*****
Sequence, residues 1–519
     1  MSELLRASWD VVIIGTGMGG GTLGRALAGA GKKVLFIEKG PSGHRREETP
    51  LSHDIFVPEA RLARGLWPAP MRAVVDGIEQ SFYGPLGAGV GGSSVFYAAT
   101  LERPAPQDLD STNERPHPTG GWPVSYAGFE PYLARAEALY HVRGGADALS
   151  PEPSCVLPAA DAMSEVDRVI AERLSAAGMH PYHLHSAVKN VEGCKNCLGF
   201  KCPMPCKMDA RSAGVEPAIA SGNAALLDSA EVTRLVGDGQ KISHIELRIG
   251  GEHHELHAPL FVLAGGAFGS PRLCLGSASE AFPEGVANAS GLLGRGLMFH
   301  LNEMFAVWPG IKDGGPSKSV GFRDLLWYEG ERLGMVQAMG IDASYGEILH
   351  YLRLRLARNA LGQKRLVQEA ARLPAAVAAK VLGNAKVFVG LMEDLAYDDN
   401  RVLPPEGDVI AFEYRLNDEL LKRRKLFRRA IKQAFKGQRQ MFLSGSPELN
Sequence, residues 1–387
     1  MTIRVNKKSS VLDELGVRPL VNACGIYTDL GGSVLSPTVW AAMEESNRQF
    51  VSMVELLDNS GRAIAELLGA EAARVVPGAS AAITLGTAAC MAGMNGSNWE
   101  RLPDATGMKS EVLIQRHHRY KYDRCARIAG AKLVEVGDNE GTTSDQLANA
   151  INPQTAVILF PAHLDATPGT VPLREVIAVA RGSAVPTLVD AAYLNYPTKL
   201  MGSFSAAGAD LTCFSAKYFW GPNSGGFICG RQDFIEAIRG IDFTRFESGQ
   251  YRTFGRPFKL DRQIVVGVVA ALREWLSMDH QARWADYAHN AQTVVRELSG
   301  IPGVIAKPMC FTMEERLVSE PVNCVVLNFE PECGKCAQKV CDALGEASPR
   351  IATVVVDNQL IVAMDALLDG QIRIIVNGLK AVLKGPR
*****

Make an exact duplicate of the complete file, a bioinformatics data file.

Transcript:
Sequence, residues 1–519
     1  MSELLRASWD VVIIGTGMGG GTLGRALAGA GKKVLFIEKG PSGHRREETP
    51  LSHDIFVPEA RLARGLWPAP MRAVVDGIEQ SFYGPLGAGV GGSSVFYAAT
   101  LERPAPQDLD STNERPHPTG GWPVSYAGFE PYLARAEALY HVRGGADALS
   151  PEPSCVLPAA DAMSEVDRVI AERLSAAGMH PYHLHSAVKN VEGCKNCLGF
   201  KCPMPCKMDA RSAGVEPAIA SGNAALLDSA EVTRLVGDGQ KISHIELRIG
   251  GEHHELHAPL FVLAGGAFGS PRLCLGSASE AFPEGVANAS GLLGRGLMFH
   301  LNEMFAVWPG IKDGGPSKSV GFRDLLWYEG ERLGMVQAMG IDASYGEILH
   351  YLRLRLARNA LGQKRLVQEA ARLPAAVAAK VLGNAKVFVG LMEDLAYDDN
   401  RVLPPEGDVI AFEYRLNDEL LKRRKLFRRA IKQAFKGQRQ MFLSGSPELN
Sequence, residues 1–387
     1  MTIRVNKKSS VLDELGVRPL VNACGIYTDL GGSVLSPTVW AAMEESNRQF
    51  VSMVELLDNS GRAIAELLGA EAARVVPGAS AAITLGTAAC MAGMNGSNWE
   101  RLPDATGMKS EVLIQRHHRY KYDRCARIAG AKLVEVGDNE GTTSDQLANA
   151  INPQTAVILF PAHLDATPGT VPLREVIAVA RGSAVPTLVD AAYLNYPTKL
   201  MGSFSAAGAD LTCFSAKYFW GPNSGGFICG RQDFIEAIRG IDFTRFESGQ
   251  YRTFGRPFKL DRQIVVGVVA ALREWLSMDH QARWADYAHN AQTVVRELSG
   301  IPGVIAKPMC FTMEERLVSE PVNCVVLNFE PECGKCAQKV CDALGEASPR
   351  IATVVVDNQL IVAMDALLDG QIRIIVNGLK AVLKGPR